Scholarships for Birthmothers…

27 Jan


I have deep concerns on this concept, and have since I first read about it.  It would be one thing if all expectant mothers who went to a specific agency for help were entitled to apply for the scholarship, regardless if they chose adoption or parenting.  The concern I see is that the requirement to apply for the scholarship is that you had to have chosen, and placed, your baby for adoption.

The only saving grace I see is – getting the scholarship is not guaranteed – at least that is what is provided in the FAQ’s, but I don’t see any transparency where they offer details about how many applications they received vs. how many were granted each year.  Without that minimal level of transparency, then it seems wrong.

What do you think?  What am I missing, or am I right to feel this crosses the line?  Can we have a civil discussion about this?  I’m not linking to any site here – you should be able to google and come up with agencies that offer this if you need more info, or, we can just discuss the concept – at what point does it cross the line for you, what makes it acceptable, and why.


Posted by on January 27, 2014 in Adoption, Ethics


Tags: , , , , ,

20 responses to “Scholarships for Birthmothers…

  1. Don't We Look Alike?

    January 27, 2014 at 10:27 pm

    Stuff like this starts to remind me of Lois Lowry’s “The Giver.”


    • TAO

      January 28, 2014 at 2:17 pm

      I haven’t read the book: The dark side no one wants to think of? Or?


      • Don't We Look Alike?

        January 29, 2014 at 3:42 am

        It’s a really good book for older kids/teens. So good that it was the only book my son ever loved reading. They live in a futuristic world, and you should see where the babies come from . . . .


        • TAO

          January 29, 2014 at 2:27 pm

          You should do a post on that…either the book wasn’t written when I was that age or it wasn’t on the very strict pre-approved list of types of books I could read. I remember finding a copy of “Love Story” at my Aunt’s house when we were visiting and reading it – the very sheltered 10ish child reading it…I felt so daring…


          • Don't We Look Alike?

            January 29, 2014 at 3:05 pm

            That’s a great idea. I would need to re-read the book first . . . .


          • Don't We Look Alike?

            January 29, 2014 at 3:06 pm

            Re Love Story: hahaha. It came out when I was in junior high, and my mother wouldn’t let me read it, but I borrowed my friend’s copy.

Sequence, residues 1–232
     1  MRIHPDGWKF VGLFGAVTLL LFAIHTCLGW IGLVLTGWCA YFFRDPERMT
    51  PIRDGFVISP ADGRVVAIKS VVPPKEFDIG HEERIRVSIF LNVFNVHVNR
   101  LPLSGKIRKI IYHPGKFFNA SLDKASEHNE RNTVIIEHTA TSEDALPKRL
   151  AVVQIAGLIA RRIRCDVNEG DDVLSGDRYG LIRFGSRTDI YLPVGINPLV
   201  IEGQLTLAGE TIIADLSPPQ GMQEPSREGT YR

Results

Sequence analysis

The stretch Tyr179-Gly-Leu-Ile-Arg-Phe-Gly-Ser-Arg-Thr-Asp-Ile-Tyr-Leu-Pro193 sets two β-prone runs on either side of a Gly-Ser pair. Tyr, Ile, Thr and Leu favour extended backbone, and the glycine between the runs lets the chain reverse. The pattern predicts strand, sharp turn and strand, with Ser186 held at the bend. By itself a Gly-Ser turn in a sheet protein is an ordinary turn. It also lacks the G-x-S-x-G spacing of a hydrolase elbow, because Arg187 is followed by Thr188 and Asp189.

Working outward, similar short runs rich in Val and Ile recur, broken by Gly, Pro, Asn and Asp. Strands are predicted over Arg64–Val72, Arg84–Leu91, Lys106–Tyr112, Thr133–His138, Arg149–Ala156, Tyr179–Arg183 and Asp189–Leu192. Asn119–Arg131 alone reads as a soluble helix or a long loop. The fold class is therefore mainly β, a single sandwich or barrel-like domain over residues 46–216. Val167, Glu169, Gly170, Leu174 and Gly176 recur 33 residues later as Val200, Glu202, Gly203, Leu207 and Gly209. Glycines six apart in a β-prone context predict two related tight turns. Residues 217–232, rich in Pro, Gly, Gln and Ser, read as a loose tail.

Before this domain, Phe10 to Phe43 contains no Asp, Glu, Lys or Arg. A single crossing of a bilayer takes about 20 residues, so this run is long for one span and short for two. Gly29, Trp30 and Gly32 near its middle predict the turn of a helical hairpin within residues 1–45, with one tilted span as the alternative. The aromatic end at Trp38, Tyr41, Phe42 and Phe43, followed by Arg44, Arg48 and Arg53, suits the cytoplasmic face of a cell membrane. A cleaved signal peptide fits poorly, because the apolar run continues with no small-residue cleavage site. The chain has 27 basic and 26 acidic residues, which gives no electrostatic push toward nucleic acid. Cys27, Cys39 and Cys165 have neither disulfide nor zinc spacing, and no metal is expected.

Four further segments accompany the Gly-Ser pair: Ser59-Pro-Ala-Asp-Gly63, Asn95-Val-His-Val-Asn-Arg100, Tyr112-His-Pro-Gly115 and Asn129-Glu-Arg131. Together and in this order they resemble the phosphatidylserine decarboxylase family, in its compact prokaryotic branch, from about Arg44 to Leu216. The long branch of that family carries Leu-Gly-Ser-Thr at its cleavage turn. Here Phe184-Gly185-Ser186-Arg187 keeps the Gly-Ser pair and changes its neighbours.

2. cb

    January 27, 2014 at 10:28 pm

    It sends the message that one is only worthy of help if one relinquishes their child.

    As for the scholarshps not being guaranteed, I suspect that would be illegal in many if not all states so I suspect that they have to say that they aren’t guaranteed, whether they are or not.


    • TAO

      January 28, 2014 at 2:20 pm

      CB – yeah the conditional aspect bothers me I think the most – only if you place are you valuable.

      I’m sure there are many regulations that come into play…


  3. Brent Snavely

    January 27, 2014 at 11:03 pm

    It really looks like trading infants for money, although the money is in the form of tuition or whatever benefit(s) are part of the package.


    • TAO

      January 28, 2014 at 2:23 pm

      Brent – for me it’s definitely not the same as giving money, but it’s in a very grey area because of the only condition to be eligible to apply is having placed. Seems wrong…


      • cb

        January 29, 2014 at 2:06 am

        But when it is upfront, i.e. as part of an advertising by an agency, then it seems similar to giving money.

        Btw I am sure that on one of your previous posts about Utah birthfathers, there was something about scholarships – I’ll have to go and have a look when I get home (7 hours time)


  4. kellie3

    January 28, 2014 at 2:24 am

    I agree with Brent. It looks like trading infants for money. The agencies doing this seem to be trying to find a way around directly paying cash for a baby.


    • TAO

      January 28, 2014 at 2:24 pm

      Kellie – I’m sure the scholarships are minimal compared to the total cost of education, but what if it makes the difference in those pro’s and con’s list of parenting or placing? Just another carrot?